Gillian Tett is the Financial Times’ US Managing Editor, a very frequent writer, and an anthropologist.
Her column this week unconventionally argues for on-the-ground ethnographic research on people’s expectations on inflation:
What we need is not just economic analysis of price trends but on-the-ground ethnographic analysis of how consumer perceptions of prices operate. Scandinavian central bankers have looked at the social context of price trends, while last year the Fed published an intriguing paper on “Consumers’ Attitudes and Their Inflation Expectations”. This suggested consumers predict higher inflation when their household finances are under pressure and when they read media discussions about inflation.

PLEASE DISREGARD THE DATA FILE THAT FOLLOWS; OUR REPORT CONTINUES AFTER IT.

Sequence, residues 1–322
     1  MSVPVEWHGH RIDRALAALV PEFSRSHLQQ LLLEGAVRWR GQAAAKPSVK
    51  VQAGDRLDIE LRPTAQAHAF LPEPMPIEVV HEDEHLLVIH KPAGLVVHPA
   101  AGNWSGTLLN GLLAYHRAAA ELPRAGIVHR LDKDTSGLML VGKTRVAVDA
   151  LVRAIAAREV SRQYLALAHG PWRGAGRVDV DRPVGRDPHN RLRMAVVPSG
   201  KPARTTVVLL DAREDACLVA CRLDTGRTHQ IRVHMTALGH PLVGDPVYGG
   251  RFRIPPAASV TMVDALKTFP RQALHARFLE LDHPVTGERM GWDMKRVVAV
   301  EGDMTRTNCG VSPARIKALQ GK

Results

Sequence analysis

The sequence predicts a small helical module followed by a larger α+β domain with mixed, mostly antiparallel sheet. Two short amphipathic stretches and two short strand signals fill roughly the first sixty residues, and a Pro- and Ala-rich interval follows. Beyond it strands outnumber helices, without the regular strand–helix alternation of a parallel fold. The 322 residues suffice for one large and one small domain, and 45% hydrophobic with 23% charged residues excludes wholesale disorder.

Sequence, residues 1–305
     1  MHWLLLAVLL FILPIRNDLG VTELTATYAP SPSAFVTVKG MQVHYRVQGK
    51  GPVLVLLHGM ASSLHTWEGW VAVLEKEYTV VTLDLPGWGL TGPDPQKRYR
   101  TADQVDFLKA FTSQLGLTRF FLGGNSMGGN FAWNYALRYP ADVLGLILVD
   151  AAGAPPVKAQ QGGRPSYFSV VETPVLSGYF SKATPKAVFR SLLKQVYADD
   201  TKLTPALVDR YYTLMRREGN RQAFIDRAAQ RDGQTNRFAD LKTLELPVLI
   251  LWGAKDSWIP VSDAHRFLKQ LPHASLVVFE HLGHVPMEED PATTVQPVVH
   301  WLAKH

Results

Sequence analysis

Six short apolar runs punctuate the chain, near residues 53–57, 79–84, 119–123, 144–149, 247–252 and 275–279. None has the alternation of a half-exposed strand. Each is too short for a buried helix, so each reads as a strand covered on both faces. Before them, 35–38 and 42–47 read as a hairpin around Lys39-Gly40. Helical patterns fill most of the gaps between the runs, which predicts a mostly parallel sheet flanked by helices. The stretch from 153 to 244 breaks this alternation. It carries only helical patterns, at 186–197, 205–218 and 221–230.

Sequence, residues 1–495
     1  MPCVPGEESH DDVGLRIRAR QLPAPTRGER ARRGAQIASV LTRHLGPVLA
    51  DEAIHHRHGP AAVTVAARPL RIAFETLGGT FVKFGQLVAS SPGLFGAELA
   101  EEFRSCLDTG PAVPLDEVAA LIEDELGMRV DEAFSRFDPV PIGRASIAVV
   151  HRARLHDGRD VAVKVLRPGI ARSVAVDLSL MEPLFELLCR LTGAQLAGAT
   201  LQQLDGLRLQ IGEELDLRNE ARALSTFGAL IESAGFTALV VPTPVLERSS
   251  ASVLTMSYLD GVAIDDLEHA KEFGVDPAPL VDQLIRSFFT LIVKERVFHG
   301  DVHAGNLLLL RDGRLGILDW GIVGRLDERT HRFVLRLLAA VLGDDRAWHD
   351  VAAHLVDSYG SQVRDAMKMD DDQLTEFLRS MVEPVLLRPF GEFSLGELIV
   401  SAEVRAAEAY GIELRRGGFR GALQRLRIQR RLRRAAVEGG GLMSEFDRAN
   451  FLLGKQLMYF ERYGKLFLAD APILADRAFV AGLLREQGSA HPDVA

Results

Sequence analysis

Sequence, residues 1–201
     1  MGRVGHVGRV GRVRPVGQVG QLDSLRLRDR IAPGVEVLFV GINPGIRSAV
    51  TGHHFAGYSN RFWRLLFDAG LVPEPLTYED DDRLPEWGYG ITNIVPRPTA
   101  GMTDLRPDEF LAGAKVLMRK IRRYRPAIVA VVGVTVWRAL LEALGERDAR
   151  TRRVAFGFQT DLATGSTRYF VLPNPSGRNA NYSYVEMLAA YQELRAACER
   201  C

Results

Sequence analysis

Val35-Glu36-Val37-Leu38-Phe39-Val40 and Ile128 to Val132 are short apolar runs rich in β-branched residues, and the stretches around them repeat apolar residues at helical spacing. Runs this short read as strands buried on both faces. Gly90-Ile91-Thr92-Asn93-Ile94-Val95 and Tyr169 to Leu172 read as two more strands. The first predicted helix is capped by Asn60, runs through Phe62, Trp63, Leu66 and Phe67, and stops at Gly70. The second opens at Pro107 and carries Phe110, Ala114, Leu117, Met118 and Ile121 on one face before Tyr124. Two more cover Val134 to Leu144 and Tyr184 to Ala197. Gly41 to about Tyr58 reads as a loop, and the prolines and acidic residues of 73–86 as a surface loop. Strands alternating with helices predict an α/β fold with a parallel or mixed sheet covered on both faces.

If the Fed, or any central bank, wants an illustration of why ethnographic research matters, they need only look at the last credit bubble, when most economists missed the subprime mortgage boom because they shunned on-the-ground research.
Fed officials need to get into consumers’ lives. Or else hire a few anthropologists to work with those office-bound, and baffled, economists.